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Sen. Al Franken (D-Minn.) has resigned following several allegations of sexual assault.

Franken delivered one of the most oddball speeches a man accused of inappropriately touching and forcing himself onto at least eight different women has ever delivered.

Franken admitted no fault and issued no apology to the alleged victims; in fact, he noted that many of the accusations against him weren’t true and that the others were completely different from the way that he remembers them. Which is the equivalent of saying, I didn’t do it and if I did, I don’t remember it that way. Franken also took the opportunity to take full-on swings at President Donald Trump and Alabama Senate hopeful Roy Moore, both of whom have been marred by sexual assault allegations.

“I, of all people, am aware that there is some irony that I am leaving while a man who’s bragged on tape about his history of sexual assault sits in the Oval Office, and a man who has repeatedly preyed on young girls campaigns for the Senate with the full support of his party,” Franken said.

No, Franken, your party doesn’t support you, but that support should’ve left your side three weeks ago when the first allegations came to light.

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Make no mistake about it: This recent rally by Democrats to call for Franken’s resignation had very little to do with the women he reportedly molested, and everything to do with Democrats trying to establish a moral high ground in the sexual assault arena against Republicans. This has everything to do with Democrats wanting to create a belief that they are tough on their politicians while Republicans have not been. The reality is that this is politics at its lowest level, and neither group is without stain. Democrats and Republicans are both deplorable in this #MeToo era.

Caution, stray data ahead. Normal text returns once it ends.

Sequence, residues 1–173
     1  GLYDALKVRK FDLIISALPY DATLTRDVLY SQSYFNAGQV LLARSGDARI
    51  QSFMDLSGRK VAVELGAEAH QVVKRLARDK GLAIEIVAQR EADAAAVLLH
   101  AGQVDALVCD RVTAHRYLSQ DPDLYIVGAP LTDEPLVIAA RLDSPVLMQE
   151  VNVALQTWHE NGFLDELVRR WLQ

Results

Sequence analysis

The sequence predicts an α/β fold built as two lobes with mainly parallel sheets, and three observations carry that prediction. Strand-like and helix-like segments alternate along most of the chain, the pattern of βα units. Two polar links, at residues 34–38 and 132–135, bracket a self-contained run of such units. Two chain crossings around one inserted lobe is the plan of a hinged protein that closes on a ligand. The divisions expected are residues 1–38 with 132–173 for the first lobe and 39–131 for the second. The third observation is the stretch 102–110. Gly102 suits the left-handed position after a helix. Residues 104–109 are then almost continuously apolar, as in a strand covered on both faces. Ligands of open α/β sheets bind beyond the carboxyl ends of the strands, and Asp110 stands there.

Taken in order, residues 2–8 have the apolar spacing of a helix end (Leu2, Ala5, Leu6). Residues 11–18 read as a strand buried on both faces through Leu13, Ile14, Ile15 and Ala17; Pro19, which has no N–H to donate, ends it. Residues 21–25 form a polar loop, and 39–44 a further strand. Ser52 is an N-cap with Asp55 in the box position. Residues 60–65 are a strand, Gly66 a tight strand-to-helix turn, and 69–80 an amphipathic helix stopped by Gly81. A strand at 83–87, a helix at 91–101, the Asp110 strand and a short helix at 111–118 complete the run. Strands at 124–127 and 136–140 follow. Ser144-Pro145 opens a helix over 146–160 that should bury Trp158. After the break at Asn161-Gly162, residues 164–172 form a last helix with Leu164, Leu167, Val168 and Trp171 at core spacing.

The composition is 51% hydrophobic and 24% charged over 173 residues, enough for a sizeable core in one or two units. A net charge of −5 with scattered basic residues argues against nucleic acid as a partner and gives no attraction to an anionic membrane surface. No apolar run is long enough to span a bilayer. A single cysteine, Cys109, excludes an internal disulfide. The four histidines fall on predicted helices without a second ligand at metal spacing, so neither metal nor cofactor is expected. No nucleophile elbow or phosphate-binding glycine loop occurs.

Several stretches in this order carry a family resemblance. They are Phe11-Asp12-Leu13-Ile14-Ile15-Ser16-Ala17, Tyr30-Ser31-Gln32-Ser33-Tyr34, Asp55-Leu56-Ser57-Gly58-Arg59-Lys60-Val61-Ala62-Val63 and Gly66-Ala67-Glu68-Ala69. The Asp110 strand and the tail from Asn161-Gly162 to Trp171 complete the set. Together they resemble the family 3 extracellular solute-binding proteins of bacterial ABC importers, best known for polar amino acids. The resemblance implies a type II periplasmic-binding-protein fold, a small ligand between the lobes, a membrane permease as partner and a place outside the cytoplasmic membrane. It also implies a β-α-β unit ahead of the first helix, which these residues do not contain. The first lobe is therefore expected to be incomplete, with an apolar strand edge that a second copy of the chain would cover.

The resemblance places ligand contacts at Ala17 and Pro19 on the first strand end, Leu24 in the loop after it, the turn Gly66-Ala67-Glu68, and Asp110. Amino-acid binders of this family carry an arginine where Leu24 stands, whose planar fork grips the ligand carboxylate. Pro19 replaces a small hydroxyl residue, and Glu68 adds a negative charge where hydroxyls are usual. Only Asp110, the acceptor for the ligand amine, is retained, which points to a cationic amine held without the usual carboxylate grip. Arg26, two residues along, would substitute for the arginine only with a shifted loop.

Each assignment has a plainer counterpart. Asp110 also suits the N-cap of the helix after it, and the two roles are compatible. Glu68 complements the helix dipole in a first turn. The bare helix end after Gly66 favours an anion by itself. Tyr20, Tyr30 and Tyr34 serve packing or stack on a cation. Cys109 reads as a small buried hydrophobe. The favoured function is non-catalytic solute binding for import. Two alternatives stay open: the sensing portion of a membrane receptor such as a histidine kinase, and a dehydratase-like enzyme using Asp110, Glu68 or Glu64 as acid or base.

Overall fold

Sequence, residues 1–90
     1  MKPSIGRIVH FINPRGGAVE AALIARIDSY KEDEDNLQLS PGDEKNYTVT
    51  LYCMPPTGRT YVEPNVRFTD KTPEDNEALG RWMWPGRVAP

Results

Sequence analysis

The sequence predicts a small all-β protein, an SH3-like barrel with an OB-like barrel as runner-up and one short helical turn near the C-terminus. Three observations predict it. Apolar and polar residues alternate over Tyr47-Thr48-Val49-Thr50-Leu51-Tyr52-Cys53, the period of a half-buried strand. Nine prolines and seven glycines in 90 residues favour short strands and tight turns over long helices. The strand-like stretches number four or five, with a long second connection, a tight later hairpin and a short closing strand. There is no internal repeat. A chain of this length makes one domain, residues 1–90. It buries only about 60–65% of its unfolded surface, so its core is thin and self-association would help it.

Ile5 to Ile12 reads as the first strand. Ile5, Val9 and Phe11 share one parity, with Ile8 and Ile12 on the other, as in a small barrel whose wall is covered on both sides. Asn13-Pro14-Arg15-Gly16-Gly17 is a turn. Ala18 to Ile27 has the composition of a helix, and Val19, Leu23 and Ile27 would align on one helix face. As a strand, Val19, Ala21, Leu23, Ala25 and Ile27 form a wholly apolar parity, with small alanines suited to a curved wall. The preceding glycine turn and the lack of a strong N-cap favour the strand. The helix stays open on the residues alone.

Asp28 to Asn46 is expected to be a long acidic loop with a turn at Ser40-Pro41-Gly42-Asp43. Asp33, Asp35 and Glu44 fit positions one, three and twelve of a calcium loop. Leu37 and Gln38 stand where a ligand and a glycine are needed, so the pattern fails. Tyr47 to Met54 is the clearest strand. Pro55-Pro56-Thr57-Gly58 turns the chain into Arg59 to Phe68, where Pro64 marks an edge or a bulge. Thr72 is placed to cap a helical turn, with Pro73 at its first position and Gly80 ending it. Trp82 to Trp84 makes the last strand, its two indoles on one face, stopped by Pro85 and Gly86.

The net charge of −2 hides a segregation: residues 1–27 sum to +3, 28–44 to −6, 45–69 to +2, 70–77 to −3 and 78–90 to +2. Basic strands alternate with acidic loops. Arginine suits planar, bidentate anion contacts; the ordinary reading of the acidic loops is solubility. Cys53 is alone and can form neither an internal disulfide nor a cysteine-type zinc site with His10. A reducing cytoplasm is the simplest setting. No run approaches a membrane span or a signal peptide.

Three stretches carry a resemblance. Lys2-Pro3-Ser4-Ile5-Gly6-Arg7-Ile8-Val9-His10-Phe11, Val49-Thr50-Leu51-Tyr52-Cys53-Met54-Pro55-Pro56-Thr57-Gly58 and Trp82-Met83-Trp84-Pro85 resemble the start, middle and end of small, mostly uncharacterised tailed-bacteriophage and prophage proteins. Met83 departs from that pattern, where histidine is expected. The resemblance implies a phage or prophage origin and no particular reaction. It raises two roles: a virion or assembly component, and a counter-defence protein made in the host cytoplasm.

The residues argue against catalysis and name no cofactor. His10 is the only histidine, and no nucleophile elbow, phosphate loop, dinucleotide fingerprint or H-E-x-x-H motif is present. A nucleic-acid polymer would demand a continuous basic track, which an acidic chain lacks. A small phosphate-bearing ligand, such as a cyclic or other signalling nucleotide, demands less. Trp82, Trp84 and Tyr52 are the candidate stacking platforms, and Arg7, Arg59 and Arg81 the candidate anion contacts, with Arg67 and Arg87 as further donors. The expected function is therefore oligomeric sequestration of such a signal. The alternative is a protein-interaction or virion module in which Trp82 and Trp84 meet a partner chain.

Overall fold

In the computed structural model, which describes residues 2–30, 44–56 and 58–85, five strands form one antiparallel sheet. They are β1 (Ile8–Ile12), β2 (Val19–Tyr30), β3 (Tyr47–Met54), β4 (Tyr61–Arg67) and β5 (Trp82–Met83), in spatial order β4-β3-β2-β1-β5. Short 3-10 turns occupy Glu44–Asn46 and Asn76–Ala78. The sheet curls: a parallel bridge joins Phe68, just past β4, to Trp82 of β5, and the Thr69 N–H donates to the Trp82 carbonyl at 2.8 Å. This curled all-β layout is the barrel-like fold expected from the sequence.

Nevertheless, Franken is gone, and the Democrats have their fall guy. They have someone that they can point to rightfully as proof that they know how to handle their own. But the Dems’ late push to call for his resignation, and Franken’s bitter and reluctant resignation speech, are proof that in politics, the emphasis isn’t on the victims but on the ideology to establish headway in later fights.

Franken didn’t resign because he had a call to conscience; he resigned because he was an anchor pulling the Dems’ boat to a full stop. So he fell on his sword and admitted nothing and offered no apology because the victims have never been the focus. This has been merely political theater at its worst.